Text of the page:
From left are Buckhannon Police Chief Matt Gregory, city finance and administrative director Amberle Jenkins and city hall employee Barb Hinkle and the city's March 12 budget workshop for fiscal year 2024-2025. / (Photo by Katie Kuba)

Police, fire protection fees likely to increase in July for city residents

BUCKHANNON – City residents will likely see spikes in the police protection and fire protection fees that appear on their monthly utility bills starting in July.

At its March 21 meeting, Buckhannon City Council voted to direct city attorney Tom O’Neill to draft two separate ordinances – one that would raise police protection fees and a second that would raise fire protection fees.

Mayor Robbie Skinner said council discussed the increases at length during its 2024-2025 fiscal year budget workshops in February and March.

“We are in agreement, I believe, that we would like to see some updates to our fire protection service fees as well as our police protection fees,” Skinner said. “So, if that is the direction council still wishes to go, we need to direct City Attorney Tom O’Neill to draft an ordinance to increase the fire protection fee as well as to draft an ordinance to increase the police protection fee.”

Skinner recommended increasing the fire fee for residential structures from $3 to $7.50 per month, making it $90 per year.

“There would be some adjustment in the commercial [fire protection fee] as well, but it would not be a square footage model as observed by other cities,” Skinner said.

The mayor also advocated for upping the police protection fee from $1.50 per month to $5 per month, meaning each residential household would pay $60 a year.

“That would make our public safety fee in total for residents $150 a year,” Skinner said.

Councilman David McCauley said increases in both fees were long overdue, noting the police fee hadn’t been upped since it was established in the early 1980s.

McCauley also said increasing public safety fees would free up more general fund money to pay for much-needed infrastructure improvements related to streets, sidewalks and parks.

“One of the problems we have, especially with streets and parks, is that more and more of the apple is absorbed by our public safety expenses, so this gives the city the opportunity to address those needs that we hear about all the time from our constituents about street paving and sidewalks,” he said.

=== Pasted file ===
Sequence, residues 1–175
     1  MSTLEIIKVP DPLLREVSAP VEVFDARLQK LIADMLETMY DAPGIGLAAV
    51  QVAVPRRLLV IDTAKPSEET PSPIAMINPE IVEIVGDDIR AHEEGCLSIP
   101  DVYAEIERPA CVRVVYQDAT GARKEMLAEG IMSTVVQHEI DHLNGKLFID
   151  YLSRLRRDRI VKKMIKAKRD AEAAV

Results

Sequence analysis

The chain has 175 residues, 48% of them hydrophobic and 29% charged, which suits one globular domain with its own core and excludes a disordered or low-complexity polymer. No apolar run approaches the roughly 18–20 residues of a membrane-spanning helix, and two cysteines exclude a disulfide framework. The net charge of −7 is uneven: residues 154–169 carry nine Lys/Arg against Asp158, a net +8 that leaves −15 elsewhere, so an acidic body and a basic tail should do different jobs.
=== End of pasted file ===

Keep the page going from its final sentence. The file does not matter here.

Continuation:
“That’s largely what this is about,” McCauley added. “This is not about giving new resources to the police and fire departments – it’s about reallocating money.”

Councilman Dave Thomas said the fees were very reasonable, and Skinner agreed.

“We’re bringing our fee structure in alignment with our neighbors … and in fact, [the new fees] would still be under a little bit from what our neighboring communities charge,” Skinner said

Council voted unanimously to direct O’Neill to begin drafting the ordinances, telling the city attorney they want both fee increases to take effect July 1, 2024. Skinner noted the ordinances would require three readings and a public hearing since they are fee-related.

Thomas said he’ll continue to advocate for the implementation of a first-due fire fee, and during one of the city’s two fiscal year 2024-2025 budget workshops March 12, council members said they were considering enacting a first-due fee this calendar year.

A first-due fee would apply to residences and commercial entities that are inside the Buckhannon Fire Department’s primary territory but outside of city limits – for example, the Tennerton area.

In the past, instituting a first-due fee – which the city has been discussing since at least 2021 — has never made it past the planning stages. However, facing waning volunteerism and higher fire training standards, the mayor said he now supports the fee due to safety concerns.

“I believe our council is at a point where we support this (a first-due fee); I support this as mayor,” Skinner said during the prior budget session. “We have to take the steps to make sure that our fire department is able to serve our community in the best way possible.”

But at that March 12 budget workshop, Skinner insisted the city increase its own fire protection fee – fees charged to residences/businesses inside municipal limits — before instituting first-due fees because first-due fees are based on city fees.

“We need to do that first [increase city fire fees first] so that we can properly charge the first-due area with the right amount,” Skinner said at the time.

While 60 percent of the BFD’s calls for structure fires are in the city, the other 40 percent are outside city limits, according to a prior story, so some council members have been adamant that county residents in the BFD’s territory should pay a first-due fee to the city.  

However, because of how Upshur County’s population is distributed — with Buckhannon as its nexus and most county residents living in the surrounding area – a first-due fee would impact how much funding the county’s other six all-volunteer fire departments receive.  

Currently, residents beyond the bounds of city limits pay a flat yearly $25 fee, while city residents now pay $3 a month or $36 annually. This means that if a first-due fee were instituted, residents in the BFD’s ‘first due’ area would no longer be paying a $25 county fire fee to the Upshur County Fire Board, but rather a first-due fee to the city.

At the budget meeting, Buckhannon Fire Chief J.B. Kimble noted the Weston Fire Department is implementing a first-due fire fee for the first time, and Elkins, Philippi and Bridgeport have already instituted first-due fees.

“We’re the last populated municipality that hasn’t really pushed for that,” Kimble told council.

News Feed

Subscribe to remove popups, or just enjoy this free story and support our local businesses!